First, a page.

On-Scene at the Ebola Outbreak

There's just one road to Bundibugyo. A nameless dirt track, it winds through dense forest flanked by the verdant Semliki Valley below and crags known as Mountains of the Moon hovering above. Even in the best of times it's a dangerous route. Trucks speed around narrow switchbacks, baboon packs block the way, and Islamic rebels encamped in the surrounding bush have mounted roadside attacks. But these aren't the best of times, and travelers here face a new risk: a mutated strain of the dreaded Ebola virus that has killed at least 28 people and is spreading panic—and allegations of a government cover-up—far beyond this remote region of Uganda.

Bundibugyo is at the epicenter of the outbreak, which began in August. Doctors in the town are monitoring more than 360 sick people believed to be incubating the virus and have recorded 18 local fatalities, including four medical staffers at Bundibugyo Hospital. Townspeople are terrified by the outbreak. Bundibugyo's usually bustling central market is quiet, and residents of nearby villages are anxiously reading newly distributed Ebola information posters. Hawkers sell the antibiotic Cipro at inflated prices on the street, falsely promising that it can prevent infection; local healers and herbalists are offering their own versions of a cure.

Ugandans are no strangers to Ebola; some 225 patients died of the disease in 2000—at a 70 percent mortality rate. But while the new strain seems to be less virulent, it also raises the possibility that the infected are now more likely to survive long enough to spread it elsewhere. Already there have been Ebola cases in eight districts across Uganda, with confirmed cases as far away as Mbale, a village some 600 miles from the outbreak zone. On Uganda's borders, neighboring Kenya, Rwanda, Tanzania, and Sudan are screening all Ugandans for symptoms and travel patterns in an attempt to halt the disease from spreading into their countries.

For Bundibugyo, this is just the latest ill fortune. Isolated and poor even by Ugandan standards, the region is one of the few in this East African country of 30 million that doesn't have electricity. Its overstretched hospital treats 65,000 patients with a budget of less than $250,000 in government funding per year. Those services are now at risk after the Ugandan Medical Workers Union, alarmed by the deaths of the medical personnel, advised its members who are dealing Ebola patients to vacate their hospital jobs until they were provided better protection and sanitary measures. At Bundibugyo Hospital, where two nurseries are now being used as isolation wards, patients aren't isolated from each other, leading the sick to regard being sent to the quarantine ward as a death sentence. Instead, they either refuse treatment or look for help elsewhere. So great is the fear that locals in the nearby Kabarole district attacked and vandalized an isolation ward, forcing its closure.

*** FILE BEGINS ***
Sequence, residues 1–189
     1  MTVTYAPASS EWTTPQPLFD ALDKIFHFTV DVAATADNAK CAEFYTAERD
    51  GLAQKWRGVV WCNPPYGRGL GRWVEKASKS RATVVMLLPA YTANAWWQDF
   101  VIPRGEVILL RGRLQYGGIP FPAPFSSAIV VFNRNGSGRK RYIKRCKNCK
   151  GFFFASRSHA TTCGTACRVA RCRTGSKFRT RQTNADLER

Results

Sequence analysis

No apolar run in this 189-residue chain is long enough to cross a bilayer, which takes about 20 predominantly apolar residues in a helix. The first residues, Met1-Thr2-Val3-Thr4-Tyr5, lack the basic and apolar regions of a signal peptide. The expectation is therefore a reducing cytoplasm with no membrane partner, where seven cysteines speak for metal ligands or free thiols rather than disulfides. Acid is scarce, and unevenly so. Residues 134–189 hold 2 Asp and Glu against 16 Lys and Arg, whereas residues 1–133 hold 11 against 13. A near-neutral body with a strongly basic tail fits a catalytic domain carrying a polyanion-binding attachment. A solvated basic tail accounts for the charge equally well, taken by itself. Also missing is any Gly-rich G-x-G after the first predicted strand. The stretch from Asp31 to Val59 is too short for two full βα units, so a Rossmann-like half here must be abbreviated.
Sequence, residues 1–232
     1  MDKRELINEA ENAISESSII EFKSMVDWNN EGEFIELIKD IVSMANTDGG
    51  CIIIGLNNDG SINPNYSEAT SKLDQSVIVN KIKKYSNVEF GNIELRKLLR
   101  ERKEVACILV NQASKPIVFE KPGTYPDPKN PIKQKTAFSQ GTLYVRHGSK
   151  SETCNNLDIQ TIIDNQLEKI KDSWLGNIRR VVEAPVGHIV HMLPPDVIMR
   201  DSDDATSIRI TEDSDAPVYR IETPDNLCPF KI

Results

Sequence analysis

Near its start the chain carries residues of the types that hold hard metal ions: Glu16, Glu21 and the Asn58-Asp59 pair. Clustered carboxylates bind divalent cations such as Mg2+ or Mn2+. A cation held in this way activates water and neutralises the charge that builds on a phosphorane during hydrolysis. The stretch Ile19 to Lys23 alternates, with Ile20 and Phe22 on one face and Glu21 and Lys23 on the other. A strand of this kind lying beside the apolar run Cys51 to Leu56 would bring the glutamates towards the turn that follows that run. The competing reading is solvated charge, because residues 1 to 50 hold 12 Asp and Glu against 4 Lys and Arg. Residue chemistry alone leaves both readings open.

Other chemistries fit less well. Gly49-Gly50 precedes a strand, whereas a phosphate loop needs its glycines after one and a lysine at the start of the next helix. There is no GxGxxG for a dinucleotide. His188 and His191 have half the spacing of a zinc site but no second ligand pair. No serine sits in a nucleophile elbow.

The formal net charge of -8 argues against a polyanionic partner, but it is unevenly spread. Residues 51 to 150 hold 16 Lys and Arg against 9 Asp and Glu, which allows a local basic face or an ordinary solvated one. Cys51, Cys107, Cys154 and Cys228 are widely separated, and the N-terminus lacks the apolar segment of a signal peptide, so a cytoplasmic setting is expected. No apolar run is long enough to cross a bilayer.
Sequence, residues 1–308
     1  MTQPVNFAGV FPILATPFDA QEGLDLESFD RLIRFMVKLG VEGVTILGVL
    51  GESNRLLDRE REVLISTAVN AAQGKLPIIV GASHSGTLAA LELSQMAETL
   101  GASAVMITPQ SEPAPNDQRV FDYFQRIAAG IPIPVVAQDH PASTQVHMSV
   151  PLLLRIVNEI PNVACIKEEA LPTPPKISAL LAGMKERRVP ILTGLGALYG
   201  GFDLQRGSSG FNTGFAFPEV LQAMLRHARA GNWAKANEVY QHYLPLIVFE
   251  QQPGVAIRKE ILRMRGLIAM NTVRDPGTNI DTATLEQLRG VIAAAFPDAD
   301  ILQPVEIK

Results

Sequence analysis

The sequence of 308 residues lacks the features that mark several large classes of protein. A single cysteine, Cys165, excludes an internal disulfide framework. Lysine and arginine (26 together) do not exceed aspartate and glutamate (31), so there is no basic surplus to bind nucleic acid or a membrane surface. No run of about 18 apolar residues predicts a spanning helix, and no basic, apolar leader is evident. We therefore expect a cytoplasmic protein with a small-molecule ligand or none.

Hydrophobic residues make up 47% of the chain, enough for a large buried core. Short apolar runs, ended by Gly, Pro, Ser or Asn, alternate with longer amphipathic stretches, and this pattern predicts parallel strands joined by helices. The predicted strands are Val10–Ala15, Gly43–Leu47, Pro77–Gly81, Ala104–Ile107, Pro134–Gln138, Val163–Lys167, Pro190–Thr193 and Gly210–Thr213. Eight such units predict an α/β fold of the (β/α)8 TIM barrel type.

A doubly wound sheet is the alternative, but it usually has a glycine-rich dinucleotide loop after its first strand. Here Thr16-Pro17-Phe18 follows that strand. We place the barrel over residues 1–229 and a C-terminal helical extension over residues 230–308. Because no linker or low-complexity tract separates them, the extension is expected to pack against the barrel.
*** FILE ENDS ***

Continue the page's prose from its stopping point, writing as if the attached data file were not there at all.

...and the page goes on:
At Bundibugyo, where red tape—the physical rather than the bureaucratic kind—and staffers in teal and white biohazard suits cordon off the isolation wards, foreign health officials and epidemiologists have begun surveillance of a suspected source of the outbreak: fruit bats living in nearby caves. The scientists believe that the source of this outbreak—a wild monkey eaten by a Ugandan man and his family in the village of Kikyo in late August—was probably bitten or exposed to Ebola by a bat. Ugandan President Yoweri Museveni has since appealed to his people to stop eating monkey meat and has also urged them to stop shaking hands and to practice basic hygiene to help contain the outbreak.

Some Ugandans, however, are questioning whether Museveni's government deliberately covered up news of the outbreak ahead of the recent meeting of the Commonwealth Heads of Government meeting in the capital city, Kampala. The government did not announce the outbreak until just after the conclusion of the high-profile meeting, even though government reports acknowledge that blood samples from infected patients were sent to South Africa for Ebola testing on Sept. 29. These samples were reportedly found negative for Ebola but were subsequently shown to carry a new strain of the virus at the Centers for Disease Control (CDC) in Atlanta on Nov. 24—the second day of the Commonwealth meeting. The initial false negative may have been due to the difficulties of identifying the new strain—even the CDC tests took a day longer than usual—but that hasn't stopped public outrage over whether the government could have acted faster to stop the spread of the virus. "It looks quite strange, from a public health perspective, that blood samples were not taken [to the CDC] earlier," said Dr. George Pariyo, dean of the public health school at Kampala's well-respected Makerere University in a front-page Uganda Monitor feature investigating the suggestions of a government cover-up.

Behind the statistics and the politics there are poignant tales of loss. Among Bundibugyo's dead are three staffers working with Scott Myhre, a Johns Hopkins-trained American missionary doctor who has provided medical services in the Bundibugyo region for more than 14 years. One of the fatalities was Dr. Jonah Kule, a Bundibugyo man put through medical school by Myhre's World Harvest Mission. Kule was especially beloved by his community for turning down lucrative city jobs to help his own people. Myhre tries to console himself over Kule's loss with thoughts of faith and religion. "A seed has to die to produce food," says Myhre, repeating an axiom that comforted him at Kule's burial. If the outbreak isn't contained, it's a line he may find himself using again in the weeks ahead.